Felger v. Larimer Cty. Bd. of Cty. Com'rs

Annotate this Case

776 P.2d 1169 (1989)

Mark FELGER, Plaintiff-Appellant, v. The LARIMER COUNTY BOARD OF COUNTY COMMISSIONERS, a body politic, and James Black, individually and as sheriff of Larimer County, Colorado, Defendants-Appellees.

No. 87CA1491.

Colorado Court of Appeals, Div. III.

June 22, 1989.

*1170 Law Offices of Tad Wallin, P.C., Tad Wallin, Ft. Collins, for plaintiff-appellant.

Hall & Evans, William F. Eggert and Richard Werner, Denver, for defendants-appellees.


The plaintiff, Mark Felger, appeals the summary judgment dismissing his claim against the defendants, the Larimer County Board of County Commissioners (Board) and James Black, as the sheriff of Larimer County (Sheriff). Plaintiff's complaint asserted that the defendants were negligent in administering the county's "useful public service" program under § 42-4-1202(4), C.R.S. (1984 Repl.Vol. 17), as a result of which plaintiff suffered personal injuries. The trial court concluded, however, that neither defendant owed any common law duty of due care to plaintiff and that each had properly performed any duty that the statute imposed upon them. We agree that there was no duty owed to plaintiff by the Board. However, we conclude that the Sheriff owed plaintiff a duty of due care, the claimed violation of which presented a genuine question of fact. Thus, we affirm the judgment in part and reverse it in part.

Section 42-4-1202(4), C.R.S. (1984 Repl. Vol. 17) requires any person who is convicted of an alcohol- or drug-related driving offense to serve a period of "useful public service." Such service must be work which is "beneficial to the public" and which involves a "minimum of direct supervision or other public cost," but which does not "endanger the health or safety of any person" required to perform such service. Section 42-4-1202(4)(g)(I), C.R.S. (1984 Repl.Vol. 17).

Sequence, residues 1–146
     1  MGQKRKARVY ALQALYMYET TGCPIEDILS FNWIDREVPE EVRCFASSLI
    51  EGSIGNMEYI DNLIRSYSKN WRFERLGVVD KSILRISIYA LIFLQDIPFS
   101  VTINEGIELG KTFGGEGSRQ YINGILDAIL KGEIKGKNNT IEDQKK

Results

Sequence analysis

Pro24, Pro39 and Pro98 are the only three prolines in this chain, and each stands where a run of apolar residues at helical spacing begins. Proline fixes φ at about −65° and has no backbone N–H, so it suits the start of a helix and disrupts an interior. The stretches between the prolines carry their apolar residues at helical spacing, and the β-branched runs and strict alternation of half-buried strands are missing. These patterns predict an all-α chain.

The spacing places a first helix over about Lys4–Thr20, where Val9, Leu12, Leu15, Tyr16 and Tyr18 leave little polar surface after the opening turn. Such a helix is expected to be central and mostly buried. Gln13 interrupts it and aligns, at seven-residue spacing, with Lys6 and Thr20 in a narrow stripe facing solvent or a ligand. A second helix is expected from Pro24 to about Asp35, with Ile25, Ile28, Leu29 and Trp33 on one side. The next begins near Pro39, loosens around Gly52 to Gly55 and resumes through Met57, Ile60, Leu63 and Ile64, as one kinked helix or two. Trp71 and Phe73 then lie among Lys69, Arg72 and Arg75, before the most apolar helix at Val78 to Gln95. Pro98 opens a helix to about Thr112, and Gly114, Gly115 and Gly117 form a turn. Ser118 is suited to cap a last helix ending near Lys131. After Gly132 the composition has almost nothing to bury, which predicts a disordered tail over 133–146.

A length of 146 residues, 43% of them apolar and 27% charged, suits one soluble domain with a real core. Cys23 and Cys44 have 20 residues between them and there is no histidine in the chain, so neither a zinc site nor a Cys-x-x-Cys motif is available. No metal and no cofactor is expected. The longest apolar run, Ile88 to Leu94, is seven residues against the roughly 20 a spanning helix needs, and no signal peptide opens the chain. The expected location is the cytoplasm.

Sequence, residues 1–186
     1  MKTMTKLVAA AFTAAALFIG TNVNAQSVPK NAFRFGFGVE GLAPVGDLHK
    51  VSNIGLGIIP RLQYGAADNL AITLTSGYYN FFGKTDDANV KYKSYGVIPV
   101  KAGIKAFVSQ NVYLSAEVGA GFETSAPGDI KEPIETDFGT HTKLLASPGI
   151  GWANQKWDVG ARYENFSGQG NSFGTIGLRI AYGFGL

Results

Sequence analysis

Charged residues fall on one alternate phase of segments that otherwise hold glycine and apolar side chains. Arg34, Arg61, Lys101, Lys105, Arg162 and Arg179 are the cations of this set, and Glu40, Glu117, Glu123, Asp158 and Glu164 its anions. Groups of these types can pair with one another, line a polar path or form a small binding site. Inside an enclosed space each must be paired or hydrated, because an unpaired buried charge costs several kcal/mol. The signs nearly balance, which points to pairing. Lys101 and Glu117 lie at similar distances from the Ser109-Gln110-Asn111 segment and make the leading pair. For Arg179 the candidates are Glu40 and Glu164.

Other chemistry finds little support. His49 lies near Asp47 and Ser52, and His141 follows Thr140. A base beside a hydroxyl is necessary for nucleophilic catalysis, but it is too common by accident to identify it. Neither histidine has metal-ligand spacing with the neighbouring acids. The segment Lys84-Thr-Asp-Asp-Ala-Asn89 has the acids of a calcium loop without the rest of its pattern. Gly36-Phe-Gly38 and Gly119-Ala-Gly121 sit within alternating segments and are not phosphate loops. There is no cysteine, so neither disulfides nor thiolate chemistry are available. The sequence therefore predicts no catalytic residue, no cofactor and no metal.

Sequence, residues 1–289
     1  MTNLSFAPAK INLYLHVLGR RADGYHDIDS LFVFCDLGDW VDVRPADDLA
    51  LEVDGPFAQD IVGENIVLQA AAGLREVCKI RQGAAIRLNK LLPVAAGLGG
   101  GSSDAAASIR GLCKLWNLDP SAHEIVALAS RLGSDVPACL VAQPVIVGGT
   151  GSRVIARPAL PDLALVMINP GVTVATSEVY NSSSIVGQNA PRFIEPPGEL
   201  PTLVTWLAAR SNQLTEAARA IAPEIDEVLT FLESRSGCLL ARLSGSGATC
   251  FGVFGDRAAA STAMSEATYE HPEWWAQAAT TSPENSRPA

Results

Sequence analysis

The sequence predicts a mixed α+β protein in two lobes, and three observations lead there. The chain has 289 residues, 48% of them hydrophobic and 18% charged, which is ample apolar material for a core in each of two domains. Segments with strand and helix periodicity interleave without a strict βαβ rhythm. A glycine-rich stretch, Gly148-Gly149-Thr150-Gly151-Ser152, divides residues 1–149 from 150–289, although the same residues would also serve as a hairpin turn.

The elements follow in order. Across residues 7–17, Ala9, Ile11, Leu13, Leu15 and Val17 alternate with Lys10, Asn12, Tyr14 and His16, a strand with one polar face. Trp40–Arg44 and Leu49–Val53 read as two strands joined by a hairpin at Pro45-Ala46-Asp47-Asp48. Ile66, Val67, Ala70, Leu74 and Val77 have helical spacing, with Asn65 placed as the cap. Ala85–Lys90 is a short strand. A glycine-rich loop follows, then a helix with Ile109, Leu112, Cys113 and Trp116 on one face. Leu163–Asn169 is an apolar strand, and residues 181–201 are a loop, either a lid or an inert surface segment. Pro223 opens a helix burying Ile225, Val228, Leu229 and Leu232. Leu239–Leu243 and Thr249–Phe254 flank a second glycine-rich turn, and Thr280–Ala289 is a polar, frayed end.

The sentencing court, the probation department, the county sheriff, and the board of county commissioners are all enjoined to cooperate with one another to identify "suitable work assignments" for this purpose, and an offender "sentenced to such work" must complete the service required within the time established by the court. *1171 Section 42-4-1202(4)(g)(II)(A), C.R.S. (1984 Repl.Vol. 17).

The statute provides that there may be established a useful public service program in each county under the direction of the chief probation officer. The purpose of such a program is to identify suitable work assignments with local governmental units or non-profit corporations; to interview offenders and to "assign" them to "suitable useful public service jobs"; and to "monitor" their "compliance" with their useful public service "assignments." Section 42-4-1202(4)(g)(II)(A) and (B), C.R.S. (1984 Repl.Vol. 17).

In Larimer County, however, the Sheriff, pursuant to an agreement between the probation department and himself, has undertaken to administer that county's useful public service program. There is no evidence that either the probation department or the Board plays any role in the day-to-day administration of this program in Larimer County.

Persons assigned to useful public service jobs are not considered to be public employees for purposes of the Governmental Immunity Act, § 42-4-1202(4)(g)(III), C.R.S. (1984 Repl.Vol. 17), and no governmental unit is required to provide coverage for them under the Workmen's Compensation Act, although it may choose to do so. Section 42-4-1202(4)(g)(IV), C.R.S. (1984 Repl. Vol. 17). However, at the time of the events involved here, the statute required that each offender was to be assessed a sum, not exceeding $40, to cover the agency's costs of administering the program, including the cost of a public liability insurance policy to cover the offender's actions while he was participating in the program, the limits of which policy cannot be less than $1,000,000. Section 42-4-1202(4)(g)(II)(C) and (4)(g)(V), C.R.S. (1984 Repl.Vol. 17), which was amended in 1987. See § 42-4-1202(4)(g)(II)(C) and (4)(g)(V), C.R.S. (1988 Cum.Supp.).